A Dichotomy Of Portrayal

On Tuesday, we learned that Chelsea Clinton is expecting her first child sometime in the fall. On the same day, American society regressed about 50 years. Both conservative and liberal media stations launched stories about the implications the new baby would have on Hillary Clinton’s candidacy for the 2016 presidential election. “Would she forego the election to stay home and babysit?” they asked. Echoes of speculation in newspapers, online media, and television reports draw attention to the severe dichotomy between the portrayal of men and women in the media.

First, speculation about Chelsea’s baby altering Hillary’s potential candidacy is inherently sexist. Since our country’s founding, 44 men have entered the Oval Office. Nearly all of them were fathers. Many were grandfathers. Yet, their paternity was never a point of contention. To put this in perspective, Mitt Romney has 18 grandchildren. Political satirist Jon Stewart jokingly jabbed, “[Romney] is the only [presidential candidate] in history whose Electoral College total is less than the number of chairs he has to put out at Thanksgiving.” Two of those grandchildren were born just six months before the 2012 presidential election. Ironically, no one questioned whether the birth of his grandchildren would interfere with his campaign. Rather, the 67-year-old candidate was revered as a “family man.” In addition, George H.W. Bush was grandfather to three kids while president. His predecessor, Ronald Reagan, had two grandchildren. Shockingly, being a grandpa had little to no effect on their actions in office. Yet, news media holds Clinton to a different standard because she is a woman.
Further, President Barack Obama’s push to implement legislation that protects the Equal Pay Act demonstrates additional disparities between men and women in our society. Earlier this week, Republican State Representative Will Infantine of New Hampshire defended income inequality by claiming that women are “less willing to work long hours … and are less motivated by money [than men].” Several news sources interpreted his statement to mean women are lazier than men. When we examine recent statistics, however, we notice that women are increasingly becoming the breadwinners of their families. Thus, they are more motivated to pursue higher education as a means of attaining a job. There are currently more women enrolled in four-year universities around the country than men. Further, industries that were once male-dominated are being overrun with women. Law school enrollment for female students exceeds that of their male counterparts. Both the medical and engineering industries are seeing a rise in female workers. Yet, they still earn 77 cents to every dollar a man makes. This leads me to question whether this is an issue of correlation or causation. As the news media continues to belittle female professionals, will inequality in other facets of society persist?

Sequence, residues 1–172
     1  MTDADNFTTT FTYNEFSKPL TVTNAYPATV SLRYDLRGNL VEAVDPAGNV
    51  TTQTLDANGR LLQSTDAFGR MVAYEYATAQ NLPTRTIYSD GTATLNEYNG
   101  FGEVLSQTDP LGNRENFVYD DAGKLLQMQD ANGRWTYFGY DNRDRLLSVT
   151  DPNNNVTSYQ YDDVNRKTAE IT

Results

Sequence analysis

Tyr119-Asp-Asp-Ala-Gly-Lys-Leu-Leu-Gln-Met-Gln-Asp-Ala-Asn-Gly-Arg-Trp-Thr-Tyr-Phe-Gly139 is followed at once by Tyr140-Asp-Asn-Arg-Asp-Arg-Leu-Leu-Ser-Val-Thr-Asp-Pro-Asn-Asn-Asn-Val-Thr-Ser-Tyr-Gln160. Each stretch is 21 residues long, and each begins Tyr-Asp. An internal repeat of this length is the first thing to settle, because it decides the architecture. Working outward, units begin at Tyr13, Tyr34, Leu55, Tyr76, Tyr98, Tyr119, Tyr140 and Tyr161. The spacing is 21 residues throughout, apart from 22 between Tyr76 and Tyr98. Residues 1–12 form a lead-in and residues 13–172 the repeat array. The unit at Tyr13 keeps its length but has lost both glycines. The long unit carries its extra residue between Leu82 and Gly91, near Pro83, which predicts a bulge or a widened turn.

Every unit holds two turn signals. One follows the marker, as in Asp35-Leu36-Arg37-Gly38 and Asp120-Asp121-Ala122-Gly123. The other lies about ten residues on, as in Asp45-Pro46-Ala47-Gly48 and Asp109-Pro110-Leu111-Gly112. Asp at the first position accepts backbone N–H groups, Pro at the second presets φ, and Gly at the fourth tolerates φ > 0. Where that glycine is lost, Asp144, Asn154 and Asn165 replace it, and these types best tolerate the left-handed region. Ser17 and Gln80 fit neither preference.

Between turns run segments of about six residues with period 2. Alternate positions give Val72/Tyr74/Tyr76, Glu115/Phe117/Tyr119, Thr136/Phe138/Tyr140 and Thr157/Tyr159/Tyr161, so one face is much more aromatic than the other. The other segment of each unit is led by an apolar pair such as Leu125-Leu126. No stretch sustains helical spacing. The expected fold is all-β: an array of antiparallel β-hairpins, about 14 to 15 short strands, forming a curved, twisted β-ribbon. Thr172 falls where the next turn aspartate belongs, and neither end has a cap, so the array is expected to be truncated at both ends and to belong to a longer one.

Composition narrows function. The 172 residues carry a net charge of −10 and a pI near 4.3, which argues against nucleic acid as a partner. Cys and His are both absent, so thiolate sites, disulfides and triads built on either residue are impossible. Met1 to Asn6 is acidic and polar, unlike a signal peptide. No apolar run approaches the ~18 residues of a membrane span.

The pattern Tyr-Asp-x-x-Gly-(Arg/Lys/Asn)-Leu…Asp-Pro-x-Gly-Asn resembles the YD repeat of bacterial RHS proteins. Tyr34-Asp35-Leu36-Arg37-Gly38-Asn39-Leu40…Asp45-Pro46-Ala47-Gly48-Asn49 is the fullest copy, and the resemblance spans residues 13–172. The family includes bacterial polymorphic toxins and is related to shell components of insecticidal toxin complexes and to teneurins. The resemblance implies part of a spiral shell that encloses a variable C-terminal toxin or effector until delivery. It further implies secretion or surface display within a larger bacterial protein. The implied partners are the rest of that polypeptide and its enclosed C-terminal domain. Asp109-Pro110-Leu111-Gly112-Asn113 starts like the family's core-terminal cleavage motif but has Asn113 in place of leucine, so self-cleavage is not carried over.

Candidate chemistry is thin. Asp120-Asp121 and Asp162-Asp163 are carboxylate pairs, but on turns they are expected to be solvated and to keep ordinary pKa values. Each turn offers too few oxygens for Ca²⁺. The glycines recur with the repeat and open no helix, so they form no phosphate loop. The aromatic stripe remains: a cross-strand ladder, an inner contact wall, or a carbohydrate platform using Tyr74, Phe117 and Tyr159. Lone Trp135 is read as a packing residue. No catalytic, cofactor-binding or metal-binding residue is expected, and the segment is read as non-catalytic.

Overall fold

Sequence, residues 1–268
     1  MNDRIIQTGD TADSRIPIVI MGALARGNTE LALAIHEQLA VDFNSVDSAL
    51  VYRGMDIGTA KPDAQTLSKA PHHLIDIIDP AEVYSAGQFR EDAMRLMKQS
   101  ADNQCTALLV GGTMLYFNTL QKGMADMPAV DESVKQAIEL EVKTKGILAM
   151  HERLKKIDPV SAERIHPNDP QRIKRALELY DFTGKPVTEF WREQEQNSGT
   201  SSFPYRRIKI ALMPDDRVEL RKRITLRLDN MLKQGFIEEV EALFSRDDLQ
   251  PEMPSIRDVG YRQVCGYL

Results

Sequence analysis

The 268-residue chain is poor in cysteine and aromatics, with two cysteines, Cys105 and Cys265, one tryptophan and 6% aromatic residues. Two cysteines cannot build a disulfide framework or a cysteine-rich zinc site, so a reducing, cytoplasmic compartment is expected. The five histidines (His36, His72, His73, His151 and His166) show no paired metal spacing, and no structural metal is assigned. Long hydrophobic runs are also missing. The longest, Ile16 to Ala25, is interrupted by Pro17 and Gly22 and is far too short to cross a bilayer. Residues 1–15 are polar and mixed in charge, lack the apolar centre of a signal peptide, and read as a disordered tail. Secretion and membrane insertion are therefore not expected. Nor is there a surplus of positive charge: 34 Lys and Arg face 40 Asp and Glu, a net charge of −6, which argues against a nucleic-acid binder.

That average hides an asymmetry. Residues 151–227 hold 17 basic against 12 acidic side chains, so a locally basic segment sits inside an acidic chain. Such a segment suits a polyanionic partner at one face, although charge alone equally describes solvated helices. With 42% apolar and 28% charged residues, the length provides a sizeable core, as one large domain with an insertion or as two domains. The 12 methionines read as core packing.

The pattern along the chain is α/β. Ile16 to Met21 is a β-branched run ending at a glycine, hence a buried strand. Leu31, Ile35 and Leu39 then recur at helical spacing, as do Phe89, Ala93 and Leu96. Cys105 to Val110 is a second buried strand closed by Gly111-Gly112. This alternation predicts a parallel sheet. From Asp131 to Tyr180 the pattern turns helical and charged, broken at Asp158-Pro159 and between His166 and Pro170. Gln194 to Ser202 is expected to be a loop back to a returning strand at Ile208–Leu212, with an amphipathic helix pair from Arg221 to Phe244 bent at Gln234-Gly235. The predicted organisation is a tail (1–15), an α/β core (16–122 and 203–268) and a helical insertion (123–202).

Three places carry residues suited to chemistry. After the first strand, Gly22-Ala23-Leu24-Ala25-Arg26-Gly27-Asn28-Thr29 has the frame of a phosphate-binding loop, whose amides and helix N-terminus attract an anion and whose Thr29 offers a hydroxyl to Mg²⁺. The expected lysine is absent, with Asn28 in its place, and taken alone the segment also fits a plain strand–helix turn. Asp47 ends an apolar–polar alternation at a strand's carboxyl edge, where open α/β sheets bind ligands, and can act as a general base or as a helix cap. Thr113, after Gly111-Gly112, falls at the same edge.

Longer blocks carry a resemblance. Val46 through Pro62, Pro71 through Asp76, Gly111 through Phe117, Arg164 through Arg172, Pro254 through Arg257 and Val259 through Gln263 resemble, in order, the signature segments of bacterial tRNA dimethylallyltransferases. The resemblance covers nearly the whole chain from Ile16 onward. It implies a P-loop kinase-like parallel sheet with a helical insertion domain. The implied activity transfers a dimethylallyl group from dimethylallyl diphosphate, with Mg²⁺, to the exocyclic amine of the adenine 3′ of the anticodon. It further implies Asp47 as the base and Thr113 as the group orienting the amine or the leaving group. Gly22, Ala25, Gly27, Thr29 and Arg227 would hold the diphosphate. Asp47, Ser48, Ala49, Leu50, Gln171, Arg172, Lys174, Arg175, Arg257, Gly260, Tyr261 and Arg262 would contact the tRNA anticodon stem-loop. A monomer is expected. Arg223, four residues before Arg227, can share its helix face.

Most of this negative attention stems from the belief that there is a disconnect between motherhood and professionalism. In an article titled “An Open Letter to Chelsea Clinton’s Fetus,” Kyle Smith, columnist for the New York Post, condescendingly writes, “Grandma is not what us grown-ups call ‘maternal.'” He argues that Clinton’s professional success prevents her from demonstrating the compassion and care expected from a mother. Similarly, news anchor Charlie Rose posed the question, “President or grandmother?” as though giving Clinton an ultimatum. He implies that she can only have one if she sacrifices the other. As a representative of American women, we look to Clinton to prove that females are capable of being mothers, grandmothers, and leaders all at the same time.

Although she has not formally announced her bid for the 2016 presidential election, Clinton is arguably one of the most influential political leaders in American history. As former secretary of state and 2008 presidential candidate, she has climbed higher in political rank than any other woman in the U.S. She earned these accolades as a mother and wife. Her progress should not be minimized with the birth of her first grandchild. If anything, the new baby should encourage her to run for president and promote a future wherein men and women are treated as true equals.

Editor’s Note: The views presented in this column are those of the author alone and do not represent the views of The Heights.